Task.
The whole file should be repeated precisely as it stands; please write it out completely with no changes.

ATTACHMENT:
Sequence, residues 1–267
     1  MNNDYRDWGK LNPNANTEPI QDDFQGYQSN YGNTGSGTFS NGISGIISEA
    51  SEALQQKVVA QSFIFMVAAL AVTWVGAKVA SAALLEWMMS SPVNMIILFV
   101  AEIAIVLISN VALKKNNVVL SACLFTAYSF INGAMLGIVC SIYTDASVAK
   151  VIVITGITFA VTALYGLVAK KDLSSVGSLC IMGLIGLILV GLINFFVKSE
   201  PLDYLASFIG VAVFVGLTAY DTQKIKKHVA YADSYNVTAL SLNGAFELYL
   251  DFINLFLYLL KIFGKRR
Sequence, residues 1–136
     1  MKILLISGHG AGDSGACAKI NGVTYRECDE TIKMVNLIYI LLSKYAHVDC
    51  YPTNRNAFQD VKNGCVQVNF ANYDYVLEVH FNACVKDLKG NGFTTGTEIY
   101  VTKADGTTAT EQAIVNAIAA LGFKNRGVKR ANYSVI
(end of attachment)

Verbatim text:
Sequence, residues 1–267
     1  MNNDYRDWGK LNPNANTEPI QDDFQGYQSN YGNTGSGTFS NGISGIISEA
    51  SEALQQKVVA QSFIFMVAAL AVTWVGAKVA SAALLEWMMS SPVNMIILFV
   101  AEIAIVLISN VALKKNNVVL SACLFTAYSF INGAMLGIVC SIYTDASVAK
   151  VIVITGITFA VTALYGLVAK KDLSSVGSLC IMGLIGLILV GLINFFVKSE
   201  PLDYLASFIG VAVFVGLTAY DTQKIKKHVA YADSYNVTAL SLNGAFELYL
   251  DFINLFLYLL KIFGKRR
Sequence, residues 1–136
     1  MKILLISGHG AGDSGACAKI NGVTYRECDE TIKMVNLIYI LLSKYAHVDC
    51  YPTNRNAFQD VKNGCVQVNF ANYDYVLEVH FNACVKDLKG NGFTTGTEIY
   101  VTKADGTTAT EQAIVNAIAA LGFKNRGVKR ANYSVI